Graves’ disease is an autoimmune disease that damages the thyroid gland. It’s the most common cause of hyperthyroidism (overactive thyroid gland) affecting more women than men. Symptoms of the disease may include: bulging eyes reddened skin and weight loss. Hyperthyroidism due to Graves’ disease is treatable. But if left untreated, it can cause osteoporosis, heart problems, and problems getting pregnant and during pregnancy.
What Causes Graves’ Disease?
A process in the body’s immune system, which normally protects the body from infection, can trigger Graves’ Disease. In the condition, the body makes an antibody that attacks the cells of the thyroid gland.
Your thyroid is a small gland at the base of your neck. Your thyroid gland makes hormones that control many activities in your body, including how fast your heart beats and how fast you burn calories.
In a person with Graves’ disease, the immune system makes antibodies that cause the thyroid to make more thyroid hormone than the body needs. Graves’ disease most often leads to hyperthyroidism, which causes your metabolism to speed up. When people’s metabolism goes into high gear, they often experience a pounding heart, sweating, trembling, and weight loss (see other symptoms below).
What are the Symptoms?
- Bulging eyes (only in Graves’ disease). Bulging eyes may also make your eyes ache and feel dry and irritated.
- Thickening and reddening of the skin, especially on the shins and upper feet (only in Graves’ disease)
Other symptoms are common with the general symptoms of hyperthyroidism:
- Irritability or nervousness
- Tiredness or muscle weakness
- Heat sensitivity
- Trouble sleeping
- Shaky hands
- Rapid and irregular heartbeat
- Weight loss without dieting
- Goiter, which is an enlarged thyroid that can cause the neck to look swollen
Women with the disease often have irregular menstrual periods. If your periods are irregular, you may not ovulate each month, which can make it difficult to get pregnant.
Who is at Risk for the disease?
As mentioned before, Graves’ disease is more common in women than in men. Women are most often affected between the ages of 30 and 60. Your risk is higher if you:
- Have a family history.
- Have another autoimmune disease, such as rheumatoid arthritis, type 1 diabetes, or lupus.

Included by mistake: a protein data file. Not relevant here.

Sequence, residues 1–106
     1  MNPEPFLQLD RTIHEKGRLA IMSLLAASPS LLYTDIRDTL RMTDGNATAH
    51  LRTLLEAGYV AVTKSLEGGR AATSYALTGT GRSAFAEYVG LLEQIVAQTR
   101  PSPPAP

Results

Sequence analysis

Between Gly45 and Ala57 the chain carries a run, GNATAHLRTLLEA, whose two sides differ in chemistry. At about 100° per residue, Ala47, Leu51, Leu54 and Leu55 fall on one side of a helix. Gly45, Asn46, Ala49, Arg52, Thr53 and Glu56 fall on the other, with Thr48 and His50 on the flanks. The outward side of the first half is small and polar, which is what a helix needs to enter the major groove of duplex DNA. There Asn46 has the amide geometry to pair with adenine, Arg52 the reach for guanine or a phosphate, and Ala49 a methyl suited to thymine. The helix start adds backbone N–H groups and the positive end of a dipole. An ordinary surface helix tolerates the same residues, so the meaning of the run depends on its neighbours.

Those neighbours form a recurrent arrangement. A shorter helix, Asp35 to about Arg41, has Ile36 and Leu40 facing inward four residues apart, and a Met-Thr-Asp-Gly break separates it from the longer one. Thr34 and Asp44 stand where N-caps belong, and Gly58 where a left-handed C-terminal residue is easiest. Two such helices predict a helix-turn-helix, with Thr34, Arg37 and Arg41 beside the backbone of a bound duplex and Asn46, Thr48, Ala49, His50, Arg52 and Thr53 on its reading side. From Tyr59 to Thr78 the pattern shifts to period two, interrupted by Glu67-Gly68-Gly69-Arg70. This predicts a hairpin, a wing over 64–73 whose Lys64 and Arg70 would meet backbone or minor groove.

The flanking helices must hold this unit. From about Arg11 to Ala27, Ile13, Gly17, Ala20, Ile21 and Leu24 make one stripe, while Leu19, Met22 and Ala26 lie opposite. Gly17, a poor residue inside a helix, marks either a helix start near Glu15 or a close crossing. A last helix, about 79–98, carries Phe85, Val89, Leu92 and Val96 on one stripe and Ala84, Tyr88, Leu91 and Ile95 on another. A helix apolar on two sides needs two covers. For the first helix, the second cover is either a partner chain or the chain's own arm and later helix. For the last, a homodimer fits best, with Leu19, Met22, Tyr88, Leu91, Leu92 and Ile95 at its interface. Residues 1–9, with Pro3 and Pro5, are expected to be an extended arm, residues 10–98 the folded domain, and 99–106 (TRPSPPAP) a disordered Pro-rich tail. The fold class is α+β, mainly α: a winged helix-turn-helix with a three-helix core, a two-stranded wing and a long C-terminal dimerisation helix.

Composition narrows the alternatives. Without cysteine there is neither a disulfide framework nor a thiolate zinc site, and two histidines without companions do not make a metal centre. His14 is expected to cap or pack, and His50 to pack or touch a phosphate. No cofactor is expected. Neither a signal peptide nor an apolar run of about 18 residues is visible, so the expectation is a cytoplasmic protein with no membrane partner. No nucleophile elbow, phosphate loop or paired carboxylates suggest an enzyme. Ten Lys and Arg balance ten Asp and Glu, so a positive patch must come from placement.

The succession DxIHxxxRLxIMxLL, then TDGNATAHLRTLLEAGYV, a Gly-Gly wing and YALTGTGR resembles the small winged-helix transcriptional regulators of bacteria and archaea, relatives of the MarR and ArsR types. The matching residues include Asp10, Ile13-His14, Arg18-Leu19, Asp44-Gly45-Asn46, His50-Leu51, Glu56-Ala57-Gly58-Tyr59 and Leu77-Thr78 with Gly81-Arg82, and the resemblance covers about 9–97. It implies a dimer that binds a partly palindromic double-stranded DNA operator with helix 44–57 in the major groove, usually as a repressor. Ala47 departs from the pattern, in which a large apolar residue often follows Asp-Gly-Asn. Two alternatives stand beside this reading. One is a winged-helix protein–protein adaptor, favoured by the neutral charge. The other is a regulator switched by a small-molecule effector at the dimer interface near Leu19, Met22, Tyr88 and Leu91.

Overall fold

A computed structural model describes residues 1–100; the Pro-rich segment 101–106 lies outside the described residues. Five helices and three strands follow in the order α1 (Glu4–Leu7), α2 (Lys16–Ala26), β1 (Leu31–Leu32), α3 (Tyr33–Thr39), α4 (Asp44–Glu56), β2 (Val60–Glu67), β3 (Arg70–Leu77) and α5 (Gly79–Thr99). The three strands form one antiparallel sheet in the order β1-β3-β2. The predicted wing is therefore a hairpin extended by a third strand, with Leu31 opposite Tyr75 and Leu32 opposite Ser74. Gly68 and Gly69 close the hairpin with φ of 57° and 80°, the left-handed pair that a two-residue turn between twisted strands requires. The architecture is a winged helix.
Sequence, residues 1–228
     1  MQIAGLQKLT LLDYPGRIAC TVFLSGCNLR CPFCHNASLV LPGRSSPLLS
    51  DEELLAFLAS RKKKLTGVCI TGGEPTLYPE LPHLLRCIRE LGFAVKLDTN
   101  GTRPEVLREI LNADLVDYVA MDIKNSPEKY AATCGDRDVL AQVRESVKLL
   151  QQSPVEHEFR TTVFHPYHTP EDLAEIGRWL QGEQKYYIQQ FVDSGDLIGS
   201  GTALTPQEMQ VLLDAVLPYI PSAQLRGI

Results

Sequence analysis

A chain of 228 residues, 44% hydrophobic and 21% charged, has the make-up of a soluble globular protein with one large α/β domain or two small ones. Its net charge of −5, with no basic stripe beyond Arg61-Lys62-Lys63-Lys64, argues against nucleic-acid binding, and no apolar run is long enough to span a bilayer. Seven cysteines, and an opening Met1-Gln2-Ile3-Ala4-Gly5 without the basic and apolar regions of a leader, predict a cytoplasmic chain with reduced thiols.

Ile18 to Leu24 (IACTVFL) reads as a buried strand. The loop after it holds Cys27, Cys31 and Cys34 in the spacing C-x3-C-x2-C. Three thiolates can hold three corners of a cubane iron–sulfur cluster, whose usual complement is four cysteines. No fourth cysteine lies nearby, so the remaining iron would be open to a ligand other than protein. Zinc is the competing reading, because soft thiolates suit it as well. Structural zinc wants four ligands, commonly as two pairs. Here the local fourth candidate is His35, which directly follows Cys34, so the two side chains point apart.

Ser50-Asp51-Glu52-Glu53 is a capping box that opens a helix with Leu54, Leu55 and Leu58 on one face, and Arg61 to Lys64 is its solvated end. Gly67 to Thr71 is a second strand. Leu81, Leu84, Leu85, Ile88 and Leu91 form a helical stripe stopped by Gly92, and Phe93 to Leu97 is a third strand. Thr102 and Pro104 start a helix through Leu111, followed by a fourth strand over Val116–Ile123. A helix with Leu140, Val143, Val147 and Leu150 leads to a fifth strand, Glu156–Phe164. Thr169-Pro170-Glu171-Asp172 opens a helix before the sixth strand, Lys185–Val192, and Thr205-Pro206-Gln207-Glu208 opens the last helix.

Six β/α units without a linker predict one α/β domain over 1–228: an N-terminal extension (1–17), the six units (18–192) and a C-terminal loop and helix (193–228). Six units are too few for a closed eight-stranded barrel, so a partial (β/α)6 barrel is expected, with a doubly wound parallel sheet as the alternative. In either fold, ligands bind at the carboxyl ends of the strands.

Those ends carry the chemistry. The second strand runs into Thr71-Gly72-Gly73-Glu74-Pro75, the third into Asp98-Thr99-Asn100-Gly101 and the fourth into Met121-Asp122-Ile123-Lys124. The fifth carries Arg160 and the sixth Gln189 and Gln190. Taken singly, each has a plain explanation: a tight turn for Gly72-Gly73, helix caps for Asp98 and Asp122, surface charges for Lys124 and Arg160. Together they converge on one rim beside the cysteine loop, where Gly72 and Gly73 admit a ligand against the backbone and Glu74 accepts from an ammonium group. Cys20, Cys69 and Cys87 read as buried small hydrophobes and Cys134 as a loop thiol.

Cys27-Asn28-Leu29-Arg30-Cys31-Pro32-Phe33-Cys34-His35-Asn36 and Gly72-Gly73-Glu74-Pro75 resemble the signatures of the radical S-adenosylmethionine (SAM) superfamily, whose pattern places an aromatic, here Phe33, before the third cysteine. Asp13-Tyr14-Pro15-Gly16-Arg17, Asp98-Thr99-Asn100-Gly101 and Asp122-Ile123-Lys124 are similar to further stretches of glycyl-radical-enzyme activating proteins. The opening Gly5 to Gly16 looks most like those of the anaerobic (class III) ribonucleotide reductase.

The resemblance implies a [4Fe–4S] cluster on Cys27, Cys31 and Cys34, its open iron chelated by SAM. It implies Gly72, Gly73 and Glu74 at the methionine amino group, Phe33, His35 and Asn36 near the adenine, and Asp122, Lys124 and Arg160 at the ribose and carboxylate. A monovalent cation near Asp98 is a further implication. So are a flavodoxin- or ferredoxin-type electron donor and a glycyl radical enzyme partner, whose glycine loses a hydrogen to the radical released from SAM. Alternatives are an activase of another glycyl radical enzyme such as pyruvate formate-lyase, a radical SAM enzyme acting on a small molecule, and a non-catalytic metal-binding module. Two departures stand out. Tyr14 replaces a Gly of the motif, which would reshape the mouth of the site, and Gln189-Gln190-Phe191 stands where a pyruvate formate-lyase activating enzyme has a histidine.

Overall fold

- Are under stress.
- Recently had a baby. Pregnancy affects the thyroid gland. The risk of developing the disease is seven times higher in the year after giving birth.
- Have a history of infection.
What are the Treatment Options are Available?
Treatments for Graves’ disease lower the amount of thyroid hormone in your body or block the action of thyroid hormone. There are three main treatments:
- Antithyroid medicine. The Food and Drug Administration has approved two medicines for Graves’ disease: methimazole, or MMI; and propylthiouracil, or PTU. These medicines keep the thyroid gland from making too much thyroid hormone.
- Radioactive iodine (RAI). RAI is a type of iodine that damages the thyroid gland by giving it radiation. The RAI destroys thyroid cells so that your thyroid gland cannot make as much thyroid hormone.
- Surgery to remove all or most of the thyroid.
Your doctor may also suggest you take a medicine called a beta-blocker. Beta-blockers block some of the effects of excess thyroid hormone on your body. They slow down your heart rate and reduce symptoms such as shaking and nervousness. Beta-blockers work quickly and can help you feel better while you wait for additional treatment to start working.
If you’ve experienced any of the symptoms of Graves’ disease (bulging eyes and reddening of the skin) or hyperthyroidism, contact Creekside Center for Women to set up an appointment with one of our doctors.